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Rapid Prototyping in the Auto Industry

In 1913, Henry Ford established his assembly line, making way for the future of the auto industry. The future of self-driving cars, custom made cars, electric cars, etc. Because of the luxury of these functions, the engine is becoming unimportant to buyers, who are more focused on the look and interior.

To keep up with this, manufacturers will have to keep up with the changing styles, bringing rapid prototyping in the auto industry. Because of the changing styles, companies have to stay up to date, making the design cycle shorter, each design better than the last, as well as shortening the production time.

The auto industry prototyping market is going to be hitting record highs in the next 2 years. With prototyping increasing so rapidly, certain experimental methods have to be brought in to make these ideas possible, such as 3D printing.

There is a lot that goes in to putting together an automobile including casting, veneering, multiple prototypes, and more. This takes months of failed prototypes until finally finding something that works. And this is JUST the console! The cost of just the gear stick prototype is $1500 and it could need upwards of 10 prototypes.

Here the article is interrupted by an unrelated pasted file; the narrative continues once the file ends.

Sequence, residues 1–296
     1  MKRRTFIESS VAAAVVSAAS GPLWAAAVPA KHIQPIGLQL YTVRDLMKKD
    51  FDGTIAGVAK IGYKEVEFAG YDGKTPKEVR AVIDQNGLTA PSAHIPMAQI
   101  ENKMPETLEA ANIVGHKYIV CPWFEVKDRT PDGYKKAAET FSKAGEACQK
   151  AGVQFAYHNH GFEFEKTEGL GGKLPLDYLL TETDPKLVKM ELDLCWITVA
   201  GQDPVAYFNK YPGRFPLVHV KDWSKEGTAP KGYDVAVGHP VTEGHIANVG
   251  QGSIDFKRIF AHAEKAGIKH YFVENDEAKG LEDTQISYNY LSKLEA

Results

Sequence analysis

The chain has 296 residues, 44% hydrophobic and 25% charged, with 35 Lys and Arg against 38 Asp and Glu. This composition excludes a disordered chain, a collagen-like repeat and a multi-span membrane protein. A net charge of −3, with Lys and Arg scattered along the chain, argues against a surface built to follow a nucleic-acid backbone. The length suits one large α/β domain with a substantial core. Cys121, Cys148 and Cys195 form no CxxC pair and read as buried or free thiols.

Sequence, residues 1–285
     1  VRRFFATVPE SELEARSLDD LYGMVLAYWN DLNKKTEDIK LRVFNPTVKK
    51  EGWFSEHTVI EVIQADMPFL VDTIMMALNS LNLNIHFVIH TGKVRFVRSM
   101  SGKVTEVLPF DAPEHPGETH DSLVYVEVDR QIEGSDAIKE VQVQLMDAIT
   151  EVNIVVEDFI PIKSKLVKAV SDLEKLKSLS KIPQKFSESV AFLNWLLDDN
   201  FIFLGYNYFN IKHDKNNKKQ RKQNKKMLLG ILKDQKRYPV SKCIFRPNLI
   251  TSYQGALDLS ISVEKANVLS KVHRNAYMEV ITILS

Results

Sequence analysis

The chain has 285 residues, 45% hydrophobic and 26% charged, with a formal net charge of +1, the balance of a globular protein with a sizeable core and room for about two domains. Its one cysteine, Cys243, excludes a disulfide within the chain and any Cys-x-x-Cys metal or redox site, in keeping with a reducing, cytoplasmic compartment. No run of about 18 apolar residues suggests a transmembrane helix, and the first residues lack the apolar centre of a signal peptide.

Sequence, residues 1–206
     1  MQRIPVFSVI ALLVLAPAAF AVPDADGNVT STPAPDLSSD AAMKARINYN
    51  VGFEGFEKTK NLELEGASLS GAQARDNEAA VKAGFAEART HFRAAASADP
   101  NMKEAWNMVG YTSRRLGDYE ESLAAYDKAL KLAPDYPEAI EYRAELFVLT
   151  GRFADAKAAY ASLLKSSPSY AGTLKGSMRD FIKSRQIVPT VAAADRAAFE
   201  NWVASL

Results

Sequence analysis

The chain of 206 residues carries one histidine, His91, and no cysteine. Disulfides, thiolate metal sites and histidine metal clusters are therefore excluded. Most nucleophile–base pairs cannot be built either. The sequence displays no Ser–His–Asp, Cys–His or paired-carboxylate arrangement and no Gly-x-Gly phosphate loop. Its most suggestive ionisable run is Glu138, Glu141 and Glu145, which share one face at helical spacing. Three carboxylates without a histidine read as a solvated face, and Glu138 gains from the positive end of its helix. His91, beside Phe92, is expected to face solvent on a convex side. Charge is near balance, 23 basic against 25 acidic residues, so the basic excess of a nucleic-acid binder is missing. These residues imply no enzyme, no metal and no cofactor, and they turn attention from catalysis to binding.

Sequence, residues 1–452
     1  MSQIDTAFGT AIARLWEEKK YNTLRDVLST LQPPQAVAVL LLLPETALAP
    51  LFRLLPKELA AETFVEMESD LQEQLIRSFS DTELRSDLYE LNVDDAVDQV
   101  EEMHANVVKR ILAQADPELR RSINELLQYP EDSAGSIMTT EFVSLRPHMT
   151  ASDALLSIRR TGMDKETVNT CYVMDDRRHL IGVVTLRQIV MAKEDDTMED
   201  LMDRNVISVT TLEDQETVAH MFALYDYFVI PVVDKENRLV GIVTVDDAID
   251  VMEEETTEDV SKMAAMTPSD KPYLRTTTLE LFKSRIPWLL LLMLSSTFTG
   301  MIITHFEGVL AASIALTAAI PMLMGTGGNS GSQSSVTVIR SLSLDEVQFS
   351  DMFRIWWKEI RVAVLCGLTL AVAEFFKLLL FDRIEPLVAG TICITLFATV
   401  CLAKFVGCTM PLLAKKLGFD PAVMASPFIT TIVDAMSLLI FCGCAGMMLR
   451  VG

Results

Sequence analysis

Additive manufacturing and 3D printing are the reason that rapid prototyping in the auto industry is possible. These allow quick prototypes that look like the finished product, down to the colors and textures of the automobile. Because of these innovations the time-to-market has decreased significantly. With the J750 3D printing, 500,000 colors are now possible. Because color and texture are possible, the auto industry can now 3D print materials that look like wood grain. Some of the most well-known car manufacturers are using these forms of prototyping, saving money and time in the process.

With the increase in the importance of the look rather than the reliability of a car, the work that needs to be done has increased. But with this, the innovation of new production to decrease time and spending has emerged. Henry Ford paved the way for today’s rapid prototyping in the auto industry, even if he didn’t know it. If you want to learn more about this topic, this below whitepaper is for you.